How Do Stereotypes Affect Students?

In high school, friend groups are generally formed based on the stereotypes placed on your peers. People generally attract those who are stereotyped in the same way as themselves. (Photo courtesy of Lyric Chassin)

The word stereotype is defined as a widely held and fixed image of a particular type of person or thing. Everyday, we meet people and without even speaking to them, we assort them into a category based on our own judgement. We don’t have to know someone in order to stereotype them; it’s our natural instinct to assume people’s characteristics.

People tend to associate themselves with those who fall under the same stereotype. It’s easier to be friends with someone when they are similar to you. This creates groups of people othered from the rest of the human race.

These stereotypical groups are very common in high school: there are the populars, the jocks, the loners, the emos, and so many more. This grouping separates people from each other because they will refuse to mix with others.

A research study that Big Think—a weekly news website—did on college students determined the average high school friend groups. They identified 12 major groups that monopolize most of today’s high school population. These stereotypical groups can be found no matter what high school you go to.

This is the hierarchy of stereotypical high school groups created from the research study by Big Think. There are 12 main groups in the modern high school. (Photo courtesy of Rachel A. Gordon, Public Domain)

The halls of Leesville Road High School contain many clearly defined cliques. Students are closed off from new opportunities and learning experiences-things that could be received through interaction apart from their usual peers. Would students still stick to their groups if they knew they were missing out on pivotal opportunities?

The goal of this study was to determine how the students of LRHS view stereotypes and how they affect them in their day to day lives. The focus was on the students opinions as opposed to how the school is divided.

Many things can lead people to categorize someone in a particular group. Zane Naftolin, a freshman at Leesville, believes that people often stereotype others based on “the way they act, their personality, [and] how they dress.” These simple things create an impression of you in the minds of every person’s path you cross; every decision you make and                                                                                        every action you take has the ability to make an impact on your image.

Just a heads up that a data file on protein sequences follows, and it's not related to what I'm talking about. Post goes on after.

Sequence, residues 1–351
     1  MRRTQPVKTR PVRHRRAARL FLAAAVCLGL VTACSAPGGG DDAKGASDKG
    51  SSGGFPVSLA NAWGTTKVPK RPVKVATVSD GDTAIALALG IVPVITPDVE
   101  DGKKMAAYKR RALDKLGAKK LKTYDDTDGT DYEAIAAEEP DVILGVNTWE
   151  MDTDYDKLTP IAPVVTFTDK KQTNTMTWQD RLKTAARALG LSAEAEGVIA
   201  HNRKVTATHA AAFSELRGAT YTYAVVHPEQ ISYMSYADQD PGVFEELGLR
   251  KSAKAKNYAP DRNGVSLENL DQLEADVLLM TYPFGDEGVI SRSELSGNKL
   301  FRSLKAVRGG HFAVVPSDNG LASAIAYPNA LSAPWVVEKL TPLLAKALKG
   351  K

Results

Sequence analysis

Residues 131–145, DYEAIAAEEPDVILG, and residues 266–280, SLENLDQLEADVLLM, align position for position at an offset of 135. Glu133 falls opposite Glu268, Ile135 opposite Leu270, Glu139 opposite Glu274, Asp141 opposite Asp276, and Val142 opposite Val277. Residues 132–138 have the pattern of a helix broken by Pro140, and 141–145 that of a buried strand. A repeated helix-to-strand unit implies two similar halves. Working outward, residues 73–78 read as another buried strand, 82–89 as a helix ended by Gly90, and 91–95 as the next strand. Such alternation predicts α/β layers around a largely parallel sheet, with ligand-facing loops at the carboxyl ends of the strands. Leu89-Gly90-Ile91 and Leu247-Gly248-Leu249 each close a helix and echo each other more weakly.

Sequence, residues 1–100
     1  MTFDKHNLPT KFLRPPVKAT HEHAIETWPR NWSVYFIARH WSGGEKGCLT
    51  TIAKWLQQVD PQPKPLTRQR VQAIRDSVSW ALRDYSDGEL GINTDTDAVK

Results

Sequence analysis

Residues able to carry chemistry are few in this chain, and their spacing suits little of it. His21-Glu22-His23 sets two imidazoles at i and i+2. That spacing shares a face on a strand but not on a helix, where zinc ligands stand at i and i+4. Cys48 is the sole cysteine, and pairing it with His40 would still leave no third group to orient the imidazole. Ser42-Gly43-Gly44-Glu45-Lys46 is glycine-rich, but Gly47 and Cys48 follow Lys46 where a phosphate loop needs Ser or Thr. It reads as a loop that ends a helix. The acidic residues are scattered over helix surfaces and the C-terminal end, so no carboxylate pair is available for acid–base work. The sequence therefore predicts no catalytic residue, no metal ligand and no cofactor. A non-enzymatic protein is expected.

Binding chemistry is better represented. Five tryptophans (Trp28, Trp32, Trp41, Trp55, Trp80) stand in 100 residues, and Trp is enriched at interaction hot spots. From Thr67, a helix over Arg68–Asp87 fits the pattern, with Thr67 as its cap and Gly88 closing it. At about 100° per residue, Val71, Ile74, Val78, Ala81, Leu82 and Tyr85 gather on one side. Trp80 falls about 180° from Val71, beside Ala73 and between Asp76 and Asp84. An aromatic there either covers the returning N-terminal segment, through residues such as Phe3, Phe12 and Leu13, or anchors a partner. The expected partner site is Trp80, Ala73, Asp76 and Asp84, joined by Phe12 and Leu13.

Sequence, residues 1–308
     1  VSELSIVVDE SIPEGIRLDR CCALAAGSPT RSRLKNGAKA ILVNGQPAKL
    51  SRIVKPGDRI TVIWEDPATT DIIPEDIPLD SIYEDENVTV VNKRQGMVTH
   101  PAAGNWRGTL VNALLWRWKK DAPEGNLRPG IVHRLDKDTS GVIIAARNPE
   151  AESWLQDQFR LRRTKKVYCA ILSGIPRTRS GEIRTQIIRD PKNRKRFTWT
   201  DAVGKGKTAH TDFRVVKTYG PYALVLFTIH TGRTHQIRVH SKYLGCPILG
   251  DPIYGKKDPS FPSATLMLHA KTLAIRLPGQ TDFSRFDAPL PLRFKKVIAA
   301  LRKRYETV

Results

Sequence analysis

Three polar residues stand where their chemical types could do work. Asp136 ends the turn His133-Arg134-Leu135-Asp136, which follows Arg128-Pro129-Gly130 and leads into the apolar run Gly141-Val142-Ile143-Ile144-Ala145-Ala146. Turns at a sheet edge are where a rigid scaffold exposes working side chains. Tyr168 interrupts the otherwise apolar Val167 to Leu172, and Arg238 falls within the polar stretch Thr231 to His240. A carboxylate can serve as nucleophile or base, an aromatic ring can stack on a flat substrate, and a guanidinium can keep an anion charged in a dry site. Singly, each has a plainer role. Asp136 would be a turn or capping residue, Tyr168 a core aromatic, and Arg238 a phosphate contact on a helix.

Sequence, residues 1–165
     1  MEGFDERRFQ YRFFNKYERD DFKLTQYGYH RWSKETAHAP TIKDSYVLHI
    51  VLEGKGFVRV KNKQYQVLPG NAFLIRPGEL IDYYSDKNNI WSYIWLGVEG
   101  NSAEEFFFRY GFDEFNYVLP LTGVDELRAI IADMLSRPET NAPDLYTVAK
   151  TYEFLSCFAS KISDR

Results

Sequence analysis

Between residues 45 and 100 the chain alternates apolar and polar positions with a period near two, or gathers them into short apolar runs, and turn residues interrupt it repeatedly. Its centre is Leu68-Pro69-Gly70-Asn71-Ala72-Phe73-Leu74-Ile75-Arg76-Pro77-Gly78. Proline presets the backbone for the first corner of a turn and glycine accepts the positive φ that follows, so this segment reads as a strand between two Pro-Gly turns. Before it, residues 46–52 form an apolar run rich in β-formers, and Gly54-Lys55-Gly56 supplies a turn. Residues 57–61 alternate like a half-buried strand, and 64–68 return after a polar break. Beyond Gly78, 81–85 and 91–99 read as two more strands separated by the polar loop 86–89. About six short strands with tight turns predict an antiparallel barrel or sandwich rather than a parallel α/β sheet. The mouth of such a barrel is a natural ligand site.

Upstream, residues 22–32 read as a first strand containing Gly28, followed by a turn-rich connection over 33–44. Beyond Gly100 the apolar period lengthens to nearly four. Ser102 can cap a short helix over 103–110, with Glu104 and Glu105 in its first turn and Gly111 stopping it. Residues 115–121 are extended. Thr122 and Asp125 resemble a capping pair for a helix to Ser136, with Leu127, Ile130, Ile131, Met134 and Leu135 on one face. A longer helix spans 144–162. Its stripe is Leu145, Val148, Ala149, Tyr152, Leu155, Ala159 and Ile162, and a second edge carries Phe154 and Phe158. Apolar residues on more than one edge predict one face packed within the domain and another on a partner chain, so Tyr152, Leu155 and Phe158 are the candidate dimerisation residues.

Depending on the person, stereotypes can play a big part in choosing your friends. Naftolin believes that if you feel like you’re in a certain group, “you wouldn’t want to talk to anyone else in any other group because you feel like you belong in that group with those people.”Others have a more analytical take on how stereotypes affect them.

Riley Russell, a sophomore at Leesville, believes that “people stereotype, but the stereotypes aren’t always true.” When it comes to deciding who to be friends with, she always keeps in mind that “everyone judges everyone, but that’s probably not their real self.”

Judgement is an issue that all students encounter at some point. Brielle Rucker, a senior at Leesville, believes that “a lot of people judge [her] based on [her] friends.” Naftolin feels he has to “act cooler and do things that cool kids do” in order to fit in with his friend group. Every person has contrasting regards for their classmates, but not letting them affect you makes it easier to feel confident in your choices. Russell knows that “some people think [she’s] mean. Some people think [she’s] shy when [she’s] not talkative in class,” but she doesn’t let others’ opinions influence her.

As we grow older and learn more about the world around us, our perspectives change. “When we were young we [didn’t] really stereotype because we were all just kids so we don’t really think anything different, and now we do,” said Russell. “Like in kindergarten…you didn’t know what was going on, you were just there,” said Naftolin, “Now it’s kinda like a competition”.

Stereotypes make it effortless for you to decide what types of people you like. They allow you to have a sense of judgement and develop opinions on people. Could they possibly be beneficial in the long run?

“No, because everyone is equal; we are all human beings,” said Naftolin.

Rucker believes that as human beings, stereotypical divisions pull us away from others, “when we should all be united”.

Stereotypes make “someone something that they are not,” said Russell.

Although stereotypes make deciding our friends a simple task, the division of people may not help us ever become more equal as a society. What we can do to change this just starts with seeing through the stereotypes, and believing that there is more to someone than what meets the eye.    

Stereotypes in high school will continue to exist as time goes on, but if we mix and mingle with everyone, they could begin to fade into a smaller hierarchy. If this doesn’t happen, the student population will become more and more divided.


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